Why Do Electric Cars Have a Heat Pump?

Power systems in electric vehicles not only generate lots of heat but also use up a lot of energy for cooling purposes. However, instead of wasting the heat (as was done before), engineers are now focusing on capturing and using the heat to help power their vehicles. Click here for more information.

In an electric vehicle (EV), reversible heat pumps can both cool the battery and warm it. When cooling it with electricity, the pump transfers the excess heat from batteries into the cabin heating system.

Likewise, if an EV is charging during cold weather, the onboard heat exchanger can transfer the excess heat from the cabin heater back to the battery pack. In addition to these two applications, heat pumps are useful to either heat or cool the cabin or engine compartment.

Although electric vehicles do not necessarily have a heat pump, this equipment is becoming widespread in these cars because it brings many advantages.

One of these advantages is that EVs with heat pumps have better resale value. So you can be confident when you tell the car dealership “value my car”.

Internal consumption vehicles have two separate devices to generate cold and heat.

On an electric car, we still have an air conditioning circuit but no longer any heat engine to heat the water. Therefore, there are two options left: electrical resistors or heat pumps.

It is necessary to find solutions to avoid having too much heat during summer. If you look at the thermal inertia of the battery, it should be cooled by the ambient temperature. But unfortunately, the battery’s internal resistance requires additional cooling. Here is where the heat pump comes in handy.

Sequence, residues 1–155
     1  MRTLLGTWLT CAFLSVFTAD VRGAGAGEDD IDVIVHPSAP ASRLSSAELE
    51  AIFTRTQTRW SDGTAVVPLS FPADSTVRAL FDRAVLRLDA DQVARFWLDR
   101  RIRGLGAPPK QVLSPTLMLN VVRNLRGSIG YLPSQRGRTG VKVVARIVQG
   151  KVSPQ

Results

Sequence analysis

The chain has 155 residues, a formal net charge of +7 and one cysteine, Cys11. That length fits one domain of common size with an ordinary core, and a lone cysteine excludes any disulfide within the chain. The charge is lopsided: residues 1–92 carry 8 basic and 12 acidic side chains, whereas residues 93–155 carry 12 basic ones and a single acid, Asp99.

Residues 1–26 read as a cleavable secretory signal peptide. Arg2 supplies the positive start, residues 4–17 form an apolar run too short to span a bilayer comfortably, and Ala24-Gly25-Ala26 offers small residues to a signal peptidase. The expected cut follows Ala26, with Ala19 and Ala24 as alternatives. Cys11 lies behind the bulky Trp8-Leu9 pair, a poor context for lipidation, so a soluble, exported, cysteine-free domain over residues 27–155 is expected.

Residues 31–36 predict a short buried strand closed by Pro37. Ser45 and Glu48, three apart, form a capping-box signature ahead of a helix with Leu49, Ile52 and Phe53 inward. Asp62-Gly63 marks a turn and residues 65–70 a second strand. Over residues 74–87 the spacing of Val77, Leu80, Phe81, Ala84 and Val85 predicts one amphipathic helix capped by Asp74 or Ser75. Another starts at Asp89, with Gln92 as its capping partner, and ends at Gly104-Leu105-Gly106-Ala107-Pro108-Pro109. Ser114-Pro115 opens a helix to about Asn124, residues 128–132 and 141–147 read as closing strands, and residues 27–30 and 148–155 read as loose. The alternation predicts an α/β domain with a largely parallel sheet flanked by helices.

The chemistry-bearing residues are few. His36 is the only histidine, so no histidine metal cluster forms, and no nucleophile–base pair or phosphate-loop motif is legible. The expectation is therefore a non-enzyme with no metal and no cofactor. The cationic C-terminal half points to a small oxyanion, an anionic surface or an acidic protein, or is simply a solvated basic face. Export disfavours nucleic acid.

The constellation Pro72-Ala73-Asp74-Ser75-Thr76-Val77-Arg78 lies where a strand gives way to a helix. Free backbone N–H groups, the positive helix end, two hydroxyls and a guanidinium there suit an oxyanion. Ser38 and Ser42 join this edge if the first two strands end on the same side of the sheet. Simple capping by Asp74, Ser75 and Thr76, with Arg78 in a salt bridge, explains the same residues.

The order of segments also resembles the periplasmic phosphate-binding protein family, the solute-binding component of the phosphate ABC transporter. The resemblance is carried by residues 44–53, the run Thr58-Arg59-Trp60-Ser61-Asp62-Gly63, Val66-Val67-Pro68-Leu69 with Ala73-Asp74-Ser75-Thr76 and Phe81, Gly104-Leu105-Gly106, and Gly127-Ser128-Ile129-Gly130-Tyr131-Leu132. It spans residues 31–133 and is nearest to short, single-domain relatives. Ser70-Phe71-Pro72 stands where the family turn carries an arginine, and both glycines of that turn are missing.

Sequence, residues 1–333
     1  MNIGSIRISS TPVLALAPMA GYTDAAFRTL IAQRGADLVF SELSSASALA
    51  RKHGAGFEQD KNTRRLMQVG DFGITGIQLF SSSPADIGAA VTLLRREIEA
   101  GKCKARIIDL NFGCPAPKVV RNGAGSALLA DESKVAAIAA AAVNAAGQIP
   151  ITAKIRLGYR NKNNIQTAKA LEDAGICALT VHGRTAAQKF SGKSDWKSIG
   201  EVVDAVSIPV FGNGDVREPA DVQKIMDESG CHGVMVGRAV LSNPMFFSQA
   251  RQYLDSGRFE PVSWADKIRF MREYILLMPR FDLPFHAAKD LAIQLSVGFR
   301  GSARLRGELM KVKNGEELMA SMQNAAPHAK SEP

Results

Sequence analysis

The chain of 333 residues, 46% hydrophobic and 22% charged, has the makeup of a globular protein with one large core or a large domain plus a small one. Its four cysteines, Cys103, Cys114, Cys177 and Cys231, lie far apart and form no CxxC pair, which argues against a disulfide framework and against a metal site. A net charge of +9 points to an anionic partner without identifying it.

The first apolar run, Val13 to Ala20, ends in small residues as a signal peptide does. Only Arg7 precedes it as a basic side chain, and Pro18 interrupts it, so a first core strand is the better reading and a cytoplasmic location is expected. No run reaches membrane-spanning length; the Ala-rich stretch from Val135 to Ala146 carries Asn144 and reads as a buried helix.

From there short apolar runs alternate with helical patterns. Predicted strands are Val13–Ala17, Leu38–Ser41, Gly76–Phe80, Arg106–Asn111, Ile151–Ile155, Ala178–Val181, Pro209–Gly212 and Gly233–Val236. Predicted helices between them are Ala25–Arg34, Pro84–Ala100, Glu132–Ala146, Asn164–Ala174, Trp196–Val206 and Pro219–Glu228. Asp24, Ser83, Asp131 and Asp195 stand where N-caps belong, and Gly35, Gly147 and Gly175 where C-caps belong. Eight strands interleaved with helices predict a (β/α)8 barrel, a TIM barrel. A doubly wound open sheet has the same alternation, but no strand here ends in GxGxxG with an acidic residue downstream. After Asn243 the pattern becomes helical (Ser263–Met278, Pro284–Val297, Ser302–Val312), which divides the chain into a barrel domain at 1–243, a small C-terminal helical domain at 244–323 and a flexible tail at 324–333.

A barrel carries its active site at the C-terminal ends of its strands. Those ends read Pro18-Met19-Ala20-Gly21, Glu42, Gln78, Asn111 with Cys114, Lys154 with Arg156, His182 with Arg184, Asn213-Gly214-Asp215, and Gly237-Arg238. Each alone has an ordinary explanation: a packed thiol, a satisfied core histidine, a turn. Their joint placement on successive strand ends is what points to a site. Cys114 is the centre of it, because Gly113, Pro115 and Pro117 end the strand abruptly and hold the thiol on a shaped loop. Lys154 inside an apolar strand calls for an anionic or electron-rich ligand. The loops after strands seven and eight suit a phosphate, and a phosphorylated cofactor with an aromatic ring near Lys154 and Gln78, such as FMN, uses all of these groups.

A heat pump does not require high electricity costs and has several advantages in terms of maintenance and performance:

  • It allows recovering energy from waste heat (the hot exhaust gas) to produce useful cold or warm water.
  • In addition, heat pumps allow you to regulate the temperature indoors by changing the compressor speed according to the outside temperatures. This feature is known as thermostatic control.

The first generations of Tesla had energy-intensive electric resistances, then the manufacturer replaced them with a heat pump. However, the first heat pumps on Model 3 and Y have problems with the pressure switch that sometimes causes the system to shut down.

So, after reading this, you might want to sell your car in UAE and get an upgraded EV.

Why Use a Heat Pump?

Heat pumps heat and cool. When there’s no engine, there is no “belt-driven” compressor. An electric heater can provide heat, but not cooling, besides is not as efficient as a heat pump which can manage the battery temperature as well.

First of all, we need a device that can replace the heat induced by the heat engines of conventional cars. And if we want to avoid the Joule effect resistance, there are only a few solutions left except the heat pump.

A heat pump reduces the energy consumption of heating by 3 to 4 times compared to conventional resistances, and even more by using the heat from the battery instead of the ambient air to heat the fluid at the radiator frontal level.

That is rather welcome on an electric car that saves energy to provide a dignified minimum autonomy. It is an advantage in cold countries where the energy consumption of the resistors can become huge.

The other advantage is merging the air conditioning circuit and the heat pump because the air conditioner is a heat pump!

Finally, the complex thermal management of a conventional car makes the heat pump a perfect choice. Using it in EVs regulates the temperature of the battery, the electric motor, and the passenger compartment. So we can heat some things and cool others, nothing better than a device that generates cold on one side and hot on the other.

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